Bake your own bread and eat it too

Jun 05, 2016, 08:51 IST | Gitanjali Chandrasekharan

Why be victim to potassium bromate when you can bake your own bread, and eat it too

It's when Riddhi Chaudhary lifts the dough that she has been kneading for 20 minutes and bangs it on the counter repeatedly that you understand the real lure of baking your own bread. It’s all about de-stressing. Applying pressure to the dough, digging your knuckles into it, flattening it on the counter, rolling it and then repeating the process, does look like an exercise recommended by your therapist.

Riddhi Chaudhary kneads the dough at her home in Mahalaxmi; (Below) she baked the semolina bread with a double-proofing method. PICS/ Satej Shinde
Riddhi Chaudhary kneads the dough at her home in Mahalaxmi; (Below) she baked the semolina bread with a double-proofing method. Pics/ Satej Shinde

There are other advantages, of course. Last month, a report by Centre for Science and Environment (CSE) India exposed the presence of potassium bromate — a chemical that could possibly cause cancer — in 38 samples of branded bread sold in Delhi. That many of these also sell in Mumbai means that we are equally at risk. Baking your own bread then, means being in complete control of what’s entering your gut.

The semolina loaf at Chaudhary’s Mahalaxmi home, and the multi-grain and raagi loaves at the Goregaon West apartment of Rashmi Bakshi are proof that brown bread, dear hearts, is either white bread baked with caramelised sugar or with
colour additives. It’s not a healthier version. And, both will tell you that it doesn’t take much to prepare them.

Except, time.

Science of proofing
In between feeding us mushroom-spinach stuffed quiche and apple crumble, after we have finished half a loaf of multi-grain bread lined with carrot and garlic dips, Bakshi, a 52-year-old home chef starts mixing ragi flour with water and kneading it with a yeast culture that has been taken out of the deep freeze, brought to room temperature and mixed with sugar. It’s a process called proofing that is essential to bread-making.

After a 20-minute wait, the  ragi dough proofed by Rashmi Bakshi rose. Pics/Tehniyat Fatema
After a 20-minute wait, the  ragi dough proofed by Rashmi Bakshi rose. Pics/Tehniyat Fatema

Madhavi Chand, a post-doctoral researcher at the Tata Institute of Fundamental Research, explains that yeast is essentially a form of fungi that feeds on sugar. And while it does that, it produces carbon dioxide, which forms bubbles that makes the bread soft. To ensure that the bubbles don’t escape the bread, the flour you use needs to have elasticity (i.e. it should have gluten). “So, while flour from rye, barley and oats will also work along with wheat, millets, bajra, ragi, jowar won’t work,” says Chand, who will, at 11 am today, unravel the mysteries of bread-making at a Chai and Why talk conducted at Juhu’s Prithvi House (it’s a free talk, so if you have the time and haven’t woken up late you might want to attend it). Bakshi, who
has used raagi as her base, has added 350 gm of refined flour to the mix for the gluten content.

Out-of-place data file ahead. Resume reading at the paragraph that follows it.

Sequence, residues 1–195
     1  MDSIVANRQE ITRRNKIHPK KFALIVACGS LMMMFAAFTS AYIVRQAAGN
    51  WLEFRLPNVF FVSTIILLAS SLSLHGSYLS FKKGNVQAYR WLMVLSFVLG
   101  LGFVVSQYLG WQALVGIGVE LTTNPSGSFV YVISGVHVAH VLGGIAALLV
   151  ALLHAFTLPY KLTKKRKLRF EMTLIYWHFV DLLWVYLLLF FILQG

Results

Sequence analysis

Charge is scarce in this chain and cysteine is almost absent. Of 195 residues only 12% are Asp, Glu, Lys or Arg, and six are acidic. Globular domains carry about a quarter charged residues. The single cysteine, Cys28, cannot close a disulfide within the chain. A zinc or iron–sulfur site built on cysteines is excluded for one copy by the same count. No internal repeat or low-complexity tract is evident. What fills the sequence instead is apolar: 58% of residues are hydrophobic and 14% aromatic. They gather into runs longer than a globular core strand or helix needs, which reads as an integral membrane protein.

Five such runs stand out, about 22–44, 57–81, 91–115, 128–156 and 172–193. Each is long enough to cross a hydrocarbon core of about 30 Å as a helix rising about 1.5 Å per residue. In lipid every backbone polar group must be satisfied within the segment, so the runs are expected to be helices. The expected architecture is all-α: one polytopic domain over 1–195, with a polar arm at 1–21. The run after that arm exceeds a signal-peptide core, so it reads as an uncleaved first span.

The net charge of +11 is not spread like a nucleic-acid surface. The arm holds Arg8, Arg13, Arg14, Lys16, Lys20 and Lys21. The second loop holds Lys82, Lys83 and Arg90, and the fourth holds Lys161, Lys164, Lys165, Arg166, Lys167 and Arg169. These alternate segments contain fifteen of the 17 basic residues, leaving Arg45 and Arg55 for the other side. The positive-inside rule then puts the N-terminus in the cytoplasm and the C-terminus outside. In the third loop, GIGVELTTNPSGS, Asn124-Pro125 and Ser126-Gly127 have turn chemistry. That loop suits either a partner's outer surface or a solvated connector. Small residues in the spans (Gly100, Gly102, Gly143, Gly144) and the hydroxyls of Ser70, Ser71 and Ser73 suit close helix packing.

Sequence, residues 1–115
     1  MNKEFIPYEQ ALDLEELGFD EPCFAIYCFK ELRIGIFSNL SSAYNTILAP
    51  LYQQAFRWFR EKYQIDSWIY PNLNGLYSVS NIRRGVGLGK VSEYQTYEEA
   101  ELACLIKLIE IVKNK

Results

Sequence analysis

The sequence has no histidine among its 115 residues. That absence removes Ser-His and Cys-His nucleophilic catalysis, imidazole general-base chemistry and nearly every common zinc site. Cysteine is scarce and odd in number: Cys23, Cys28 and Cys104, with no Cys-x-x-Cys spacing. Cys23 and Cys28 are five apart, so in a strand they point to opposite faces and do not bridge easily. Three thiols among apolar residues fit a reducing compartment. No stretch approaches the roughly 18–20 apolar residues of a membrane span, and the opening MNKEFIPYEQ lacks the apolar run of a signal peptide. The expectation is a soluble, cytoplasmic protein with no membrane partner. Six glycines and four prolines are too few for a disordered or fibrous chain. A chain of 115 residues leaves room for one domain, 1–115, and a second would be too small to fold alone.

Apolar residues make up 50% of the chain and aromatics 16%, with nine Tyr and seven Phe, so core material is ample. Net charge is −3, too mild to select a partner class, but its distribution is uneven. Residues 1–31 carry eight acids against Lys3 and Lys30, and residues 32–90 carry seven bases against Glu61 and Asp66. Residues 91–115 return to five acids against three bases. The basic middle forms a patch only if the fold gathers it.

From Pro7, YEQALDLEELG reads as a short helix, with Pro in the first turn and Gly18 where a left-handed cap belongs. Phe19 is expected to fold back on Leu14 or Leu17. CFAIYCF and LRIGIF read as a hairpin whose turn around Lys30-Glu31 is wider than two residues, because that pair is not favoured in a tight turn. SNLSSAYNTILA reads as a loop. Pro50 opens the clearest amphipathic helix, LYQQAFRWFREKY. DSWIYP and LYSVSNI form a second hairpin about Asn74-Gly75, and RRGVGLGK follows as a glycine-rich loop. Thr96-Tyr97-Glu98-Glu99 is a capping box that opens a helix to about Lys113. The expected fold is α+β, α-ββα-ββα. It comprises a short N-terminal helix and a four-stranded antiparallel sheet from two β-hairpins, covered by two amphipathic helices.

She leaves the dough to proof for 20 minutes in the mould. After which we see that it has risen and is now ready to be shoved into a preheated oven (170°C to 190°C for 10 minutes). Chaudhary, 27, insists on proofing the dough twice over.
If you are worried about the fungi in the yeast, don’t. Chand says the baking process — the dough is left for 20 minutes in the oven between 170°C and 200°C, kills it.

Sugar, no more
The health benefits of baking your own bread are obvious. Bakshi, who had been dogged by illnesses for the last few years, also chose to bake bread because it cut the possibility of added chemicals to her daily breakfast. The result? “You notice that your bread is fresher and lighter. Plus, there are fewer gastric issues,” she adds. The aroma of bread baking  also ups your appetite.

Rashmi Bakshi with a multi-grain loaf that will make 10 sandwiches
Rashmi Bakshi with a multi-grain loaf that will make 10 sandwiches

It’s the aroma, in fact, that also drew Chaudhary to baking. “It’s just breads, and may be cookies that I am interested in, not even cakes or other desserts,” she adds. The subject brings us to the focal point of our search for home baked breads. Can you make it without sugar?

Chand, the scientist in the mix, gives us hope. While market yeast needs sugar to feed on, you can make a healthy switch with either molasses or honey.

However, if neither suits you, you can opt for sour dough. This, she says, is the process of leaving the dough out to the elements in your kitchen. There’s lactobacilli (bacteria) and yeast present in the air. Given enough time, the bacteria will break down the starch present in the dough to sugar, which the yeast can then start working on. The dough is called the starter dough and can then be mixed in your regular dough for proofing. She is trying this experiment at home and may share results at the talk.

Easy does it
Between Bakshi’s single proofing process and Chaudhary’s double-proofing one, baking your own bread could take anywhere between one-and-a-half to three hours.

And, even though we are no domestic goddesses, it doesn’t look like a back-breaking exercise.

In fact, much of the time is spent waiting for the dough to rise and then bake. Which means you can still catch up on your current favourite web series. That one loaf can last you five days (if refrigerated) means your breakfast for the week is sorted. And cost-effectiveness?

A loaf in the market costs you Rs 35, while the semolina for, say Chaudhary’s loaf, costs R20 for a pack of 100 gm, Rs 133 for 100 gm of instant yeast (14 gm goes into one loaf). Other elements are water, sugar (two teaspoons) and salt (one teaspoon).  You do the math.

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